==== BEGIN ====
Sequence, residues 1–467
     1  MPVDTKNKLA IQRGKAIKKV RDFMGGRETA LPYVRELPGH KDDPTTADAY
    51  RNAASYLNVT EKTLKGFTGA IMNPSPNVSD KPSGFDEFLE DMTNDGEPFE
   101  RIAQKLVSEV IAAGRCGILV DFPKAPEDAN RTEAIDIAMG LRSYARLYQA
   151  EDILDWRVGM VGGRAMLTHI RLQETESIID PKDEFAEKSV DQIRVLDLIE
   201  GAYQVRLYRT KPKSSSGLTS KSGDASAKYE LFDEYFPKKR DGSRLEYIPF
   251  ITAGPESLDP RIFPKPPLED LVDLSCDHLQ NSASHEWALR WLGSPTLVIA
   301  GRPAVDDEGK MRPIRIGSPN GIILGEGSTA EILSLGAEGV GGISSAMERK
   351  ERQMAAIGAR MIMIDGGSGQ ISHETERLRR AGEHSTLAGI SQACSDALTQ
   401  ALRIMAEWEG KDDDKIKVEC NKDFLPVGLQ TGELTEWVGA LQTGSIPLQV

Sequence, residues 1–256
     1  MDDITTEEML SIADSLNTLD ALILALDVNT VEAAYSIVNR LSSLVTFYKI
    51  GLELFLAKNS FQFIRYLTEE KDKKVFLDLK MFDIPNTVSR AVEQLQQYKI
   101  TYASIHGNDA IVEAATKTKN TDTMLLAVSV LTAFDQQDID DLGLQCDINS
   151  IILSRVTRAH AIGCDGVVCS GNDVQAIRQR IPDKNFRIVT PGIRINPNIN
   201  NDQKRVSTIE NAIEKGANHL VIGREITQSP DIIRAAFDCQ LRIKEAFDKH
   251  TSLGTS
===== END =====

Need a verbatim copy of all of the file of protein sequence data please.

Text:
Sequence, residues 1–467
     1  MPVDTKNKLA IQRGKAIKKV RDFMGGRETA LPYVRELPGH KDDPTTADAY
    51  RNAASYLNVT EKTLKGFTGA IMNPSPNVSD KPSGFDEFLE DMTNDGEPFE
   101  RIAQKLVSEV IAAGRCGILV DFPKAPEDAN RTEAIDIAMG LRSYARLYQA
   151  EDILDWRVGM VGGRAMLTHI RLQETESIID PKDEFAEKSV DQIRVLDLIE
   201  GAYQVRLYRT KPKSSSGLTS KSGDASAKYE LFDEYFPKKR DGSRLEYIPF
   251  ITAGPESLDP RIFPKPPLED LVDLSCDHLQ NSASHEWALR WLGSPTLVIA
   301  GRPAVDDEGK MRPIRIGSPN GIILGEGSTA EILSLGAEGV GGISSAMERK
   351  ERQMAAIGAR MIMIDGGSGQ ISHETERLRR AGEHSTLAGI SQACSDALTQ
   401  ALRIMAEWEG KDDDKIKVEC NKDFLPVGLQ TGELTEWVGA LQTGSIPLQV

Sequence, residues 1–256
     1  MDDITTEEML SIADSLNTLD ALILALDVNT VEAAYSIVNR LSSLVTFYKI
    51  GLELFLAKNS FQFIRYLTEE KDKKVFLDLK MFDIPNTVSR AVEQLQQYKI
   101  TYASIHGNDA IVEAATKTKN TDTMLLAVSV LTAFDQQDID DLGLQCDINS
   151  IILSRVTRAH AIGCDGVVCS GNDVQAIRQR IPDKNFRIVT PGIRINPNIN
   201  NDQKRVSTIE NAIEKGANHL VIGREITQSP DIIRAAFDCQ LRIKEAFDKH
   251  TSLGTS